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Type 95 Light Tank

Discussion in 'Japanese Motorised Weapons' started by Jim, Dec 30, 2007.

  1. Jim

    Jim Active Member

    Sep 1, 2006
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    via War44
    The Type 95 light tank was developed to meet the requirements of the Japanese army in the early 1930s, the first two prototypes being completed in 1934 by Mitsubishi Heavy Industries. These were tested in China and Japan and the type was then standardized as the Type 95 light tank, the company calling the vehicle the HA-GO while the army called the vehicle the KE-GO.

    The Type 95 light tank had a 37-mm main gun and a hull-mounted 7.7-mm (0.303-in) machine-gun together with another 7.7-mm gun at the rear of the turret.


    Over 1,100 Type 95s were built before production was completed in 1943, although some sources have stated that production continued until 1945. The hull and turret of the Type 95 were of riveted construction and varied in thickness from 0.25 in (6 mm) to a maximum of 0.55 in (14 mm). The driver was seated at the front on the right with the bow machine-gunner to his left. The latter operated the Type 91 6.5-mm (0.255-in) weapon (with a traverse of 35° left and right), which was later replaced by the Type 97 7.7-mm (0.303-in) machine-gun. The turret was in the centre of the hull, offset slightly to the left and fitted with a Type 94 37-mm tank gun firing armour piercing and HE ammunition. This gun was later replaced by the Type 98 gun of a similar calibre but with a higher muzzle velocity. There was no coaxial machine-gun, but another machinegun was mounted in the turret rear on the right side, Totals of 2,970 rounds of ammunition were carried for the two machine-guns and of 119 rounds for the main armament. A major drawback of this tank, like many French tanks of the period, was the fact that the tank commander also had to aim, load and fire the main armament in addition to carrying out his primary role of commanding the tank.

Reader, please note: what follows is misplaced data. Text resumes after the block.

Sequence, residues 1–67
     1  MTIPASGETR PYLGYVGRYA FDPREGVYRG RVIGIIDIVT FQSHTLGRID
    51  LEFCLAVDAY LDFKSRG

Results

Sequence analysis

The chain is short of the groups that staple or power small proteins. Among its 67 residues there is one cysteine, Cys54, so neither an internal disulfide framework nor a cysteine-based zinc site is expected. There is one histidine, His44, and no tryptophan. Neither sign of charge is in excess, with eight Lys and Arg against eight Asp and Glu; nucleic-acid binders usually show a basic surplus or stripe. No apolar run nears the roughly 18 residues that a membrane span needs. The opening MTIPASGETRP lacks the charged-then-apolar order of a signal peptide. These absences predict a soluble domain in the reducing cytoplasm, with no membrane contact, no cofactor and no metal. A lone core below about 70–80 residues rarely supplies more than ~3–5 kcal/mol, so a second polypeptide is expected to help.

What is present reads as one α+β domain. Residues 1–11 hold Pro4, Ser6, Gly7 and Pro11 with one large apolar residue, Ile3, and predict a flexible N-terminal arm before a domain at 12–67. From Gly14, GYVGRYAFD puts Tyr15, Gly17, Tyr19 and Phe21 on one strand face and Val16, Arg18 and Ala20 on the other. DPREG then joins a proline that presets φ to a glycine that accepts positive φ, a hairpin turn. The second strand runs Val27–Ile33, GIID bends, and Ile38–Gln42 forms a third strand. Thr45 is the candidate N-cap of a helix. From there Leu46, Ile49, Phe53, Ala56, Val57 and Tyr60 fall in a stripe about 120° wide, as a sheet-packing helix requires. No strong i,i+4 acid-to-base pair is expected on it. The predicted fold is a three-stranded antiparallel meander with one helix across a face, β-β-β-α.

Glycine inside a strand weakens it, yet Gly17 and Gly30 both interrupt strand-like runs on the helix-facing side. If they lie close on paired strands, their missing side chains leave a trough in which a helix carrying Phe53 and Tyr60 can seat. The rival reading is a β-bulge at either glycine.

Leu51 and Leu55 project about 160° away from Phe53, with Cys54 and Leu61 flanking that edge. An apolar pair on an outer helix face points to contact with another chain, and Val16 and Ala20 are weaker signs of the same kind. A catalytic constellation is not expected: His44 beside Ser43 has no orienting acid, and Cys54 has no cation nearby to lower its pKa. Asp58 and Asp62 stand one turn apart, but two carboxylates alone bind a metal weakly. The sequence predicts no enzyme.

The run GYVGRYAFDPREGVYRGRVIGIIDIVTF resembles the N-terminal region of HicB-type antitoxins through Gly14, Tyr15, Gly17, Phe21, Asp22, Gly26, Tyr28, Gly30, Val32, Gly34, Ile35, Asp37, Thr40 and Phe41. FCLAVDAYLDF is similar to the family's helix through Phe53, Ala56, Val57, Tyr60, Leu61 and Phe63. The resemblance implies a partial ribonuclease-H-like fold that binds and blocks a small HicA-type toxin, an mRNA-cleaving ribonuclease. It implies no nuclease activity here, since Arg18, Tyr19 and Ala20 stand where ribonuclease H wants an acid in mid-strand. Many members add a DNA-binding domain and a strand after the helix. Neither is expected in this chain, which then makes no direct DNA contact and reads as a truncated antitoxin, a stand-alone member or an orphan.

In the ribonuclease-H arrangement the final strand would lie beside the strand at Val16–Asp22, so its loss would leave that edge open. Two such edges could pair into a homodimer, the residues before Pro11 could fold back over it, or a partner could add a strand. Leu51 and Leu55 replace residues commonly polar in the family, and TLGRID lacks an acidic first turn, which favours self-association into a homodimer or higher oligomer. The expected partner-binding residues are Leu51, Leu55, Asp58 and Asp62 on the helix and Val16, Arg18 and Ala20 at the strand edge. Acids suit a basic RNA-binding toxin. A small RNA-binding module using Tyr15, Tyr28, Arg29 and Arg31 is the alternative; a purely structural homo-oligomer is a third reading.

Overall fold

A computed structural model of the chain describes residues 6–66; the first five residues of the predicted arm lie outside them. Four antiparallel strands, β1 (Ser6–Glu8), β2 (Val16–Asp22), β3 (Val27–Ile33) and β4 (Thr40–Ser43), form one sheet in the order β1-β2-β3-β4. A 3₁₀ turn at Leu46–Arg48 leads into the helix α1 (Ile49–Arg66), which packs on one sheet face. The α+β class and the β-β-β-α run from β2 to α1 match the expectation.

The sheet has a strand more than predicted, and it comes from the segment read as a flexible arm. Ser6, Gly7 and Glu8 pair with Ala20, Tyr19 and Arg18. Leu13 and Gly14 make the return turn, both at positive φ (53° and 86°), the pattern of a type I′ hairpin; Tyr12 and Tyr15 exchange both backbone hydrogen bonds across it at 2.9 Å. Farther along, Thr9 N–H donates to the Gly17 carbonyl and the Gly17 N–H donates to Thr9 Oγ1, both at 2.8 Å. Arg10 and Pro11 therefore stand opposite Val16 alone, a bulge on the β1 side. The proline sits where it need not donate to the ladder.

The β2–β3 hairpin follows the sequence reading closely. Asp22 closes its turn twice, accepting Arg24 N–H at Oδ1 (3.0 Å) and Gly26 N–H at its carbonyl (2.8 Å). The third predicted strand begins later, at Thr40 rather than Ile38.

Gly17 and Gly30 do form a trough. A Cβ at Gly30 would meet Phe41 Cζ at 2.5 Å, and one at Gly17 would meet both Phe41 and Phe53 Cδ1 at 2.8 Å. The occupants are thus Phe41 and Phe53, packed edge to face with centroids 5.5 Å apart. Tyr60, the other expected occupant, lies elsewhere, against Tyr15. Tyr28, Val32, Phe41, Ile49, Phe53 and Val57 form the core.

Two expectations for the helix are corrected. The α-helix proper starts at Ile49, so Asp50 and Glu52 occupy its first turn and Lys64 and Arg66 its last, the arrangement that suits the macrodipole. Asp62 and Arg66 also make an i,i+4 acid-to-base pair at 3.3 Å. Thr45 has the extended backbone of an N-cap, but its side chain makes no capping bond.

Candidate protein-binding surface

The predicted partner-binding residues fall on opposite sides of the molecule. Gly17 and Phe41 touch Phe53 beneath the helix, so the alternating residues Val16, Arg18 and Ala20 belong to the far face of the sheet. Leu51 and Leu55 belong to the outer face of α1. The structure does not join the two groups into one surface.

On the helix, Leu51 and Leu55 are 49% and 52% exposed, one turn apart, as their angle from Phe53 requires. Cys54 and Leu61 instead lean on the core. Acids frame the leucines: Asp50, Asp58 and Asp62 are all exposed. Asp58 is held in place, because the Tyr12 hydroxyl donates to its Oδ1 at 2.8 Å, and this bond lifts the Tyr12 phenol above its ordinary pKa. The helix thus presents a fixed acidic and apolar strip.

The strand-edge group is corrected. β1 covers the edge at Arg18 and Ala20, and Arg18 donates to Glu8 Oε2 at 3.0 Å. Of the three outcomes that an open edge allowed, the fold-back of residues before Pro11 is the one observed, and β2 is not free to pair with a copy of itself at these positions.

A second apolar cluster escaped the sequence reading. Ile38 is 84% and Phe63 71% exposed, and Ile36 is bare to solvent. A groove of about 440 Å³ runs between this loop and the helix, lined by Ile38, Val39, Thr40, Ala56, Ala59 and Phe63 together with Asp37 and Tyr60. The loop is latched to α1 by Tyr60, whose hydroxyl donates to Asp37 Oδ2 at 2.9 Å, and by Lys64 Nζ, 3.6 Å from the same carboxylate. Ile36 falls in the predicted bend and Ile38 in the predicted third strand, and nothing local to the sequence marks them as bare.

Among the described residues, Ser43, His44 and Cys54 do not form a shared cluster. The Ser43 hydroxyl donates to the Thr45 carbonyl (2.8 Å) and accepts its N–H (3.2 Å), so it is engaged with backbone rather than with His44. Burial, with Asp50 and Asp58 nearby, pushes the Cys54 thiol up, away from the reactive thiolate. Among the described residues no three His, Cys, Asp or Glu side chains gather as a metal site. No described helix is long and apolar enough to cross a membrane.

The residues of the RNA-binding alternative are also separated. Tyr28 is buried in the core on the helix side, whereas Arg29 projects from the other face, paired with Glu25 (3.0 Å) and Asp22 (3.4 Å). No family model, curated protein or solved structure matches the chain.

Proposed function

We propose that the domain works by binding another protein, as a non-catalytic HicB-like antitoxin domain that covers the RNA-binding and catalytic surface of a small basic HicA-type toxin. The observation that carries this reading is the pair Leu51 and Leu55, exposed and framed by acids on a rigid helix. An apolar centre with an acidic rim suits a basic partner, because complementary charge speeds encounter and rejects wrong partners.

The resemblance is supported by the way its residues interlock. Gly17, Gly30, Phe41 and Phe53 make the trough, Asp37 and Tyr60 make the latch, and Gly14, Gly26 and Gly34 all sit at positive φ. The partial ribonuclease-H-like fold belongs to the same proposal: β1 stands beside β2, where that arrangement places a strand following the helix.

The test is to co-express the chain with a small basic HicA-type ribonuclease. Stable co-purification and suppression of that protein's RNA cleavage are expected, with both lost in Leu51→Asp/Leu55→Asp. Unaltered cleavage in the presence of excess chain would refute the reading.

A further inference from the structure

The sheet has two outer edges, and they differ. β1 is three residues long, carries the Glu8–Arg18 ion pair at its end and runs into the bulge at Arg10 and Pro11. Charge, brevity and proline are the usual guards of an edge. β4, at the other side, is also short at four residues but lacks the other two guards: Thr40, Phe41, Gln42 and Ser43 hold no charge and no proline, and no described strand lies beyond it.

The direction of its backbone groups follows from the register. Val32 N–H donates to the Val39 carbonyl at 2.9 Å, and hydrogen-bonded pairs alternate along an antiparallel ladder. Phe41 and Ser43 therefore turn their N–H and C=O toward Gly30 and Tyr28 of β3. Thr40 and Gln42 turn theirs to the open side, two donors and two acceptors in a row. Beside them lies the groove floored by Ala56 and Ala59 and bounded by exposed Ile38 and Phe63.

Type 95 tanks cross paddy fields while on exercise. The Type 95 sufficed in its anti-infantry role, as the Japanese army did not come up against any armour of consequence until meeting the Marines in 1943.


    The Mitsubishi six-cylinder air-cooled diesel was mounted in the hull rear and coupled to a manual transmission with one reverse and four forward gears. Steering was of the clutch and brake type, and suspension of the bell crank type consisting of each side of four rubber-tyred road wheels, with the drive sprocket at the front and idler at the rear; there were two track return rollers. In those days no air-conditioning systems were available to keep the interior of the tank cooled so the walls of the crew compartment were lined with asbestos padding which in addition gave some protection to the crew from injury when travelling across country.
    In 1943 a few Type 95 light tanks were modified to carry the 57-mm gun as fitted to the Type 97 medium tank under the name KE-RI, but the variant was not very successful as the turret was too cramped. The KE-NU was the Type 95 with the complete turret of the Type 97 CHI-HA medium tank. The Type 95 was succeeded in production by the Type 98 KE-NI light tank, but only about 100 of these were built before production was completed in 1943 as the type was not considered a very satisfactory design. The Type 2 KA-MI amphibious tank used automotive components of the Type 95 light tank, and this was widely used in the early Pacific campaigns of World War II. Japan also used tankettes on a large scale including the Types 92, 94 and 97, the last being the most common. When used in China and during the early World War II campaigns against the Americans, the Type 95 proved a useful vehicle, but once confronted by American tanks and anti-tank guns it was outclassed.

    A Type 95 at speed, probably in Manchuria. Japan’s conquests were aided considerably by the fact that none other opponen ts possessed any significant amount of armour, nor any an ti-tank capability.


    Specification: [​IMG]
    Type 95
    Crew: 4
    Weight: 7400 kg (16,314 lb)

    Length: 4.38 m (14 ft 4 in)
    Width: 2.057 m (6 ft 9 in)
    Height: 2.184 m (7 ft 2 in)
    Engine: one Mitsubishi NVD 6120 six-cylinder air-cooled diesel engine developing 120 hp (89 kW)
    Performance: maximum road speed 45 km/h (28 mph); maximum range
    250 km (156 miles);
  2. tom!

    tom! recruit

    Sep 14, 2004
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